2. Enforcement

Last Monday, Robinhood made headlines with the revelation that it had received a Wells Notice from the SEC, signaling impending legal action for alleged securities violations. The notice stems from Robinhood's failure to register as a securities exchange and clearing agency for the cryptocurrencies available on its platform. On Tuesday, news emerged that FTX's bankruptcy team is poised to fully repay creditors with interest, albeit based on asset valuations from the exchange's collapse in November 2022—a period marked by a crypto market downturn—rather than current valuations. Lastly, Coinbase found itself embroiled in yet another class action lawsuit, this time accused of misleading investors into purchasing securities.

3. CBDCs

Several major U.S. financial institutions have initiated a groundbreaking research initiative known as the Regulated Settlement Network proof-of-concept. The primary objective of this project is to explore the feasibility of integrating commercial bank money, wholesale CBDCs, and securities—such as U.S. Treasuries—into a shared, regulated ledger. Notable participants in this endeavor include Citi, JPMorgan, Mastercard, Swift, and Deloitte, with the New York Innovation Center of the Federal Reserve Bank of New York assuming the role of observer.

4. Payments

On May 8, the Senate rejected Sen. Roger Marshall (R-KS) proposal to include the Credit Card Competition Act (CCCA) in the Federal Aviation Administration Reauthorization bill. Originally introduced in 2022 and reintroduced in both the Senate and the House in June 2023, the CCCA aims to introduce greater competition into the credit card industry. If passed into law, the bill would require banks to allow card payments to be processed over at least one network that competes with industry giants like Mastercard and Visa.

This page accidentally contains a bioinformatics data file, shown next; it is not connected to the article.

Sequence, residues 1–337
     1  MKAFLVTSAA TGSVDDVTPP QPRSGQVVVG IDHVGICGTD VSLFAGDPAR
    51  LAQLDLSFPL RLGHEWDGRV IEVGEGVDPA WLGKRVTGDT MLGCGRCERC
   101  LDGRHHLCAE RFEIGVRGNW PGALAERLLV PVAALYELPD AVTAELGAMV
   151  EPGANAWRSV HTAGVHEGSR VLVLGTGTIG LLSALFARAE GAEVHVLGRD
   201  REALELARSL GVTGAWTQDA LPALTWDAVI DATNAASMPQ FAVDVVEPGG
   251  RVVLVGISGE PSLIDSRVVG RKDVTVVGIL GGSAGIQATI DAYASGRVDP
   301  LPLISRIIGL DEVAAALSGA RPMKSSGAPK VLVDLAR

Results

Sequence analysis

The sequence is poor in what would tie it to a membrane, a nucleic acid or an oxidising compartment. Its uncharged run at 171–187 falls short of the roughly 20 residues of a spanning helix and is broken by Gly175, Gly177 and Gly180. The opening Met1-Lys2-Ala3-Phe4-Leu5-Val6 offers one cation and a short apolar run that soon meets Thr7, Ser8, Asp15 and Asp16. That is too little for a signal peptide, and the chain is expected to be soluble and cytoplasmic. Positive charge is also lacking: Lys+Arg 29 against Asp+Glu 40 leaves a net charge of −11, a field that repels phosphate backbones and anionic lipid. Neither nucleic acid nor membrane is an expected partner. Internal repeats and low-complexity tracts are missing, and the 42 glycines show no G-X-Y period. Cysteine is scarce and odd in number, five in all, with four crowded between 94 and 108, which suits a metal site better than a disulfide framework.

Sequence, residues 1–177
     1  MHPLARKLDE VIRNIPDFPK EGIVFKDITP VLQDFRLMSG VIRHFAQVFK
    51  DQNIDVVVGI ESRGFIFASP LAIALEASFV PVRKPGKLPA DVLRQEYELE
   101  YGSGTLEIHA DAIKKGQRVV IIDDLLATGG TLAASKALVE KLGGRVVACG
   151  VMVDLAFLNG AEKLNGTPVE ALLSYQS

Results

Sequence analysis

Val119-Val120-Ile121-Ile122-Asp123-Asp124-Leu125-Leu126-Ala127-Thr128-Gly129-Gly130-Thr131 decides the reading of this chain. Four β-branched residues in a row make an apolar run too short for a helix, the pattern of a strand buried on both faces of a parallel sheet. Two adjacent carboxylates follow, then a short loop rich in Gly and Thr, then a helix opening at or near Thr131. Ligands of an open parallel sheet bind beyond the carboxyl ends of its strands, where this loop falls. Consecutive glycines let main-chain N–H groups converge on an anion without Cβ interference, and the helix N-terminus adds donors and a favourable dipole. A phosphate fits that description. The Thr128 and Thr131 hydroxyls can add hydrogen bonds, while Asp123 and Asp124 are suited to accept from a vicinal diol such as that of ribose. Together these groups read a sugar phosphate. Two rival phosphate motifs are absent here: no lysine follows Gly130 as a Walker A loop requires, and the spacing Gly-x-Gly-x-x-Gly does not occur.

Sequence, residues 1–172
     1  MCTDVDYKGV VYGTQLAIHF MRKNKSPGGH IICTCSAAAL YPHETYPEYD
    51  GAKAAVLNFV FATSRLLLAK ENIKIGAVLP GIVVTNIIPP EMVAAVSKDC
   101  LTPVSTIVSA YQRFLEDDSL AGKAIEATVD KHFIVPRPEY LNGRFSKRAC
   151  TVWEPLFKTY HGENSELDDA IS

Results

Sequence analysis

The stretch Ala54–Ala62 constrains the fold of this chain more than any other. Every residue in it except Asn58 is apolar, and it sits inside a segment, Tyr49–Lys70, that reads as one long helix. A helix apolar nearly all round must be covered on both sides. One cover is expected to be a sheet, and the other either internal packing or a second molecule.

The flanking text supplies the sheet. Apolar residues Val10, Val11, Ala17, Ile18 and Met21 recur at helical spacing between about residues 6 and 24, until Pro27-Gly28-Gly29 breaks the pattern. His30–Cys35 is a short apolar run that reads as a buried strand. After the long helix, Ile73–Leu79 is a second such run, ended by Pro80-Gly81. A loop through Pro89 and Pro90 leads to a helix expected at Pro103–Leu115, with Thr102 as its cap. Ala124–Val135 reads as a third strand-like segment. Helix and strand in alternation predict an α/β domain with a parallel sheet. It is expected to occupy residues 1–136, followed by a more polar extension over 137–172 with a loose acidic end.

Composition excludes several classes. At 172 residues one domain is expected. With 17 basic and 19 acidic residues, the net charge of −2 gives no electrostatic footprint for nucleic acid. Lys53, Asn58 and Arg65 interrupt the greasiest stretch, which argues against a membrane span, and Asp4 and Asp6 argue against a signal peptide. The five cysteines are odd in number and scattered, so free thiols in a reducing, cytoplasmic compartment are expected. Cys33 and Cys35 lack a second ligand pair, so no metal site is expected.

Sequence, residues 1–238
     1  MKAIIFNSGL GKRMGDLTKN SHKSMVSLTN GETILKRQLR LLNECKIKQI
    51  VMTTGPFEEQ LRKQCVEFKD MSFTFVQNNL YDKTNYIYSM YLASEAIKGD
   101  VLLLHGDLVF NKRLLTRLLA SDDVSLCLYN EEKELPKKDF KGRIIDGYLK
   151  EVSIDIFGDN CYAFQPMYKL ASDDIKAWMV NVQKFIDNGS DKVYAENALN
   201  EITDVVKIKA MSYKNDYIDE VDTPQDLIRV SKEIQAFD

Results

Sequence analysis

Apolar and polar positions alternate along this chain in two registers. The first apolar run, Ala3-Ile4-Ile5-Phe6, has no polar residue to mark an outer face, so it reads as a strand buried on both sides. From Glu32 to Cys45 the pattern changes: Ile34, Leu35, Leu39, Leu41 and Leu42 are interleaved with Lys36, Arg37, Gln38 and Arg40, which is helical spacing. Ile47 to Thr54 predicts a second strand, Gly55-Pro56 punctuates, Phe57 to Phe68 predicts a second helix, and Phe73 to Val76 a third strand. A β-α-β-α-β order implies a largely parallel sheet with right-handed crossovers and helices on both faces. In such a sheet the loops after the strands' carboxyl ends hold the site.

While many anticipated a new CFPB rule reducing credit card late fees to take effect on May 14, a federal judge in Texas granted an injunction, halting the proposed restrictions following a request from the banking industry and other business interests. This decision cited a 2022 court ruling declaring the CFPB's funding structure unconstitutional. In other news, the CFPB announced its intention to monitor credit card rewards programs and take appropriate action. Additionally, the agency reached a settlement with fintech firm Chime Financial, wherein Chime will pay at least $1.3M in redress to consumers and $3.25M in penalties for illegally delaying customer refunds upon account closure.

6. Fintech Regulation

The Board of Governors of the Federal Reserve System, along with the Federal Deposit Insurance Corporation and the Office of the Comptroller of the Currency, has released a report titled "Third-Party Risk Management: A Guide for Community Banks." This guide is designed to assist community banks in establishing partnerships with third-party fintech vendors while effectively managing the various risks associated with such relationships, whether operational, compliance, financial, or strategic.

Join me in conversation on Twitter or LinkedIn or leave a comment below.

See you next week!